“BRTMA-MALAYSIA INTERNATIONAL CONGRESS ON TROPICAL MEDICINE” (BMICTM)
”Eliminating Infectious Diseases through Research, Innovation and Effective Strategies”
Eradication and elimination of diseases have been subject of discussion and debate in many forums and in the literature. According to CDC elimination of infectious disease is defines as “Reduction to zero of the incidences of infection caused by a specific agent in a defined geographical area as a result of deliberate efforts; continued measures to prevent re-establishment of transmission are required.” (MMRR,1999) With unrelenting onslaught, the common and emerging infectious diseases and the huge economic impact on developing countries the call for eradication and elimination is more urgent than ever.
As the theme suggests it is our hope that this conference can be a platform to deliberate on relevant factors or actions that may bring us closer towards the elimination of some infectious diseases.
The background of this conference
BRTMA-MALAYSIA International Congress on Tropical Medicine (BMICTM) is a joint effort of Belt and Road Tropical Medicine Alliance (BRTMA) and SEGi University. BRTMA is an alliance of 105 institutions form 30 countries. As a founding member of BRTMA SEGi University is privileged and honoured to be given the opportunity to organize and host this conference.
BMICTM would like to invite doctors, academicians, scientists, researchers, veterinarians, nurses, healthcare professionals and others who are interested in tropical medicine and infectious diseases. and students, to participate as presenters to discuss and share their experiences or research work regarding various aspects of major Infectious Diseases, Tropical Medicine, Parasitology, Public Health, and Epidemiology, Neglected Tropical Diseases and relevant topics such as disaster management. Keeping in mind the theme ” Eliminating Infectious Diseases through Research, Innovation and Effective Strategies” BMICTM hopes to present information issues, major problems in and challenges in tropical medicine and infectious diseases in developing countries. The conference will also provide opportunities for doctors and researchers to present the latest advances in the field advances in the field of Medicine, Diseases, Public Health and healthcare and to exchange scientific ideas and experiences.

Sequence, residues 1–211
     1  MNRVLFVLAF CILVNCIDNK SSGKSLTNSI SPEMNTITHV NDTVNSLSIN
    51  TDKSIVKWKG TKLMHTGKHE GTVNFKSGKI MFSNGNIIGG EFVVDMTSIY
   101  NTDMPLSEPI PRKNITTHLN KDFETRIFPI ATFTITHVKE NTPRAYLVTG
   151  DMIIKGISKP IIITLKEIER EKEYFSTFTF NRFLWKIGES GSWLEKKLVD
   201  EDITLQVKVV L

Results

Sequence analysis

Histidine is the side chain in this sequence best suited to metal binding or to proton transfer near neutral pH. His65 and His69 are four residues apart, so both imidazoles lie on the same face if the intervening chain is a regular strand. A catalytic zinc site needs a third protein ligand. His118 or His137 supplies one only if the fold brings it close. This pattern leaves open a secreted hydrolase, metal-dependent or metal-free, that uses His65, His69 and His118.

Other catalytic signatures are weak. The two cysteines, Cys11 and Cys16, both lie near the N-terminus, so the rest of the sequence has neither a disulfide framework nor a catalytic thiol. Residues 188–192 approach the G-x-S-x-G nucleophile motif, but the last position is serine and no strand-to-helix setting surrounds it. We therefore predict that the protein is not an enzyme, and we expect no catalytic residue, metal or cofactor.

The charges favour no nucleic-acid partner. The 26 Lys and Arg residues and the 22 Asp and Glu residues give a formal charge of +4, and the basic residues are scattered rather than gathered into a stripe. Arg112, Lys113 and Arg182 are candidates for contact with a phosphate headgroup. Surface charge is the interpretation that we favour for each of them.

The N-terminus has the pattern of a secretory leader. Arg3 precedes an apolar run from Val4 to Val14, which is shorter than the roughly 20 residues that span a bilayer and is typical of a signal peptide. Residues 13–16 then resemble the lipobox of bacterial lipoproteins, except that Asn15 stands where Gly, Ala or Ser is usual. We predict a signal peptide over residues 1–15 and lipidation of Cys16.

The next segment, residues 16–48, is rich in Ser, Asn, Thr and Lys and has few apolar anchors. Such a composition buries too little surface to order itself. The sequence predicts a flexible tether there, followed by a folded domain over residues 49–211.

Who should attend
The conference will provide opportunity to various, scientists, doctors and researchers from all over the world to come at one place and become helpful in providing latest advances in the field of Medicine, Diseases, Public Health, healthcare and to exchange scientific ideas and experiences in a distinctive environment. This conference should be of interest to the following group of professionals:
Some definitions and facts
Although a wide range of major infectious diseases are found in the tropic, tropical medicine is not confined to infectious disease. Like in the western countries the populations in the tropics also suffer form chronic non-communicable diseases (NCDs).
“Tropical diseases encompass all diseases that occur solely, or principally, in the tropics. In practice, the term is often taken to refer to infectious diseases that thrive in hot, humid conditions, such as malaria, leishmaniasis, schistosomiasis, onchocerciasis, lymphatic filariasis, Chagas disease, African trypanosomiasis, and dengue.”( www.who.int/topics/tropical_diseases/en/ ). According to various reports more than a billion people or one-sixth of the world’s population are suffering from Tropical Diseases. Approximately 1 million death in the tropics can be attributed to tropical diseases caused by microorganism.
Although Tropical Diseases are found largely in tropical areas many factors such as ease of travel can put the rest of the world to the risk of epidemics.
Neglected tropical diseases (NTDs) are a group of bacterial, parasitic, viral, and fungal infections. According to WHO more than 1 billion people, primarily poor populations living in tropical and subtropical climates are affected by the neglected tropical diseases. Poverty is one of the factors associated with NTDs. Improvised populations in the developing world face the higher risk of developing NTS. The 2020 roadmap of WHO, focuses on 20 NTDs. These diseases include Buruliulcer, Chagas disease, cysticercosis/taeniasis, dengue fever, dracunculiasis (guinea worm disease),echinococcosis, food-borne trematodiasis, human African trypanosomiasis (HAT) (sleeping sickness), leishmaniasis, leprosy, lymphatic filariasis, onchocerciasis (river blindness), rabies, schistosomiasis, soil-transmitted helminthiasis (ascariasis, hookworm, trichuriasis), trachoma, and yaws.